How to get your deposit back

Check out inspections

Most landlords and letting agents want to inspect before they agree to refund your deposit.

Arrange the inspection for a time when you can be there to:

  • let your landlord or agent in

  • check the property and inventory together

With joint tenancies, you might all want to be there.

Find out how to prepare for a check out inspection.

Why is a check out inspection important?

The check out inspection and inventory are important evidence of the condition of the property when you give it back.

The deposit protection schemes look at this evidence if you or your landlord ask them to resolve any dispute about the return of your deposit.

You cannot be charged for a checkout inspection or inventory.

When should the inspection happen?

The check out inspection is often done on the last day of the tenancy as this is the date you are expected to give the property back.

Your agent cannot insist on an early inspection or that you hand your keys back before the legal end of your tenancy. For example, if your tenancy ends on a weekend but they want to inspect and take the keys back on a weekday.

Pre check out inspections

Some agents like to do a 'pre check out inspection' usually in the last month of the tenancy.

This is so they can:

  • assess how much work might be needed before they re-let the property

  • tell tenants about anything they think should be put right to get a full deposit refund

It's usually a good idea to agree to a pre check out inspection if it's offered.

It will give you a feel for how likely you are to get your deposit back in full and on time.

It also gives you a chance to put right any damage or replace any missing items before the final check out inspection.

Inspections after you move out

Some check out inspections happen after the tenants have returned the keys.

This usually means that you're not present at the check out inspection. You will not get a chance to question things you disagree with until you get a copy of the check out report.

This is not illegal but it can lead to disputes and delays in getting your deposit back.

If the agent will not do an inspection

Your landlord needs a reason to make deductions from your deposit.

It will be harder for them to charge you for things like cleaning or damage if there is no proof of the property's condition when you move out.

You could make your own inventory and take photos and videos if the agent will not inspect before you leave.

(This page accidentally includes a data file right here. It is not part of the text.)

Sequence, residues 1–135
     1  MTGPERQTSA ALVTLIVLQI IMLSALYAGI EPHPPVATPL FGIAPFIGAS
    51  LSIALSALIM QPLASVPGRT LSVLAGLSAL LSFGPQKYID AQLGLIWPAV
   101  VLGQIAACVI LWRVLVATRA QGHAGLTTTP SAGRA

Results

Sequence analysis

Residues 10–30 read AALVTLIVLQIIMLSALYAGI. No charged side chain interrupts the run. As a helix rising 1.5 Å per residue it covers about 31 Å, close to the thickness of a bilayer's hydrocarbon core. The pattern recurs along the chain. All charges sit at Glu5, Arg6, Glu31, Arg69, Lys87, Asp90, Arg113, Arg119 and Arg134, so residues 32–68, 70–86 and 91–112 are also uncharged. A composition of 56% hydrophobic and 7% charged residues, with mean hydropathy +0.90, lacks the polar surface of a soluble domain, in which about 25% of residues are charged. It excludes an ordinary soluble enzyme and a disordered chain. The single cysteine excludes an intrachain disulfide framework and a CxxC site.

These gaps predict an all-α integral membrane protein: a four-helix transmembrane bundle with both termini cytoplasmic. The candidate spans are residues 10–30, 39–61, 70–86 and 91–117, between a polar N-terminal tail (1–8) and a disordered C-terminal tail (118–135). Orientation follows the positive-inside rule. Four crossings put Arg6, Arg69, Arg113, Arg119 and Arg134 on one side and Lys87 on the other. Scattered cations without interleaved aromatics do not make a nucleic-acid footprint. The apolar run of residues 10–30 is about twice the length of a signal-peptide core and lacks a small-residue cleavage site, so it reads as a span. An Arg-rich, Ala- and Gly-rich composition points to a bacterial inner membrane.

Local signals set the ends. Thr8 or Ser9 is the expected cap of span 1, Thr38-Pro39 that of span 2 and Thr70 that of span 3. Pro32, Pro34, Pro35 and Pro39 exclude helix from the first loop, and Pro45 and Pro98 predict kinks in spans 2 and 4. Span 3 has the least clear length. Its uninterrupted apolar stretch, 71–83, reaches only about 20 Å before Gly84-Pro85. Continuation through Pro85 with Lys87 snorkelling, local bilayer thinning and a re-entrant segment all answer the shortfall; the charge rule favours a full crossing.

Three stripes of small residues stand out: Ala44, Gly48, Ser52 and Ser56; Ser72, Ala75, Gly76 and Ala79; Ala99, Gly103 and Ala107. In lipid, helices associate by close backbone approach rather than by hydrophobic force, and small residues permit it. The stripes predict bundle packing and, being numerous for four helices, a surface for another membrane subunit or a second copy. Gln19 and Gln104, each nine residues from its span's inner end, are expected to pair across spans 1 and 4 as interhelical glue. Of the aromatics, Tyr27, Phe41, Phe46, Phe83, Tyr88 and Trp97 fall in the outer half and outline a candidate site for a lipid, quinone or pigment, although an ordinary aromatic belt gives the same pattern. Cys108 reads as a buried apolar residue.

What happens at the inspection?

The landlord or agent might:

  • do the inspection themselves

  • use an independent inventory clerk

You can go round with them as they check the condition of the property compared to when you moved in.

If you disagree on anything about the cleanliness or condition of the property, your comments should be noted on the inventory or checkout report.

Ask your landlord or agent how long the inspection is likely to take.

If it is the last day of your tenancy, you will probably hand back your keys at the end so be ready to move out.

What if there is no check in report?

Your landlord needs a reason to make deductions from your deposit.

It will be harder for them to charge you for things like cleaning or damage if there is no proof of the property's condition when you moved in.

Will you get the deposit back at the inspection?

It's possible. If your landlord agrees to a full refund or you agree deductions on the day, your deposit could be returned straight away, usually by bank transfer.

Agents are more likely to want to confirm deposit refunds and deductions with the landlord. Sometimes you will not be sent the check out report until after the inspection.

It's best to assume that you might not get your deposit back in full at the inspection. Even with no disagreement over deductions it often takes a few days.

If there is a dispute over the return of your deposit, it will take longer. Your landlord should still refund any amount that is not disputed promptly when the tenancy ends.

Last updated: 7 July 2022

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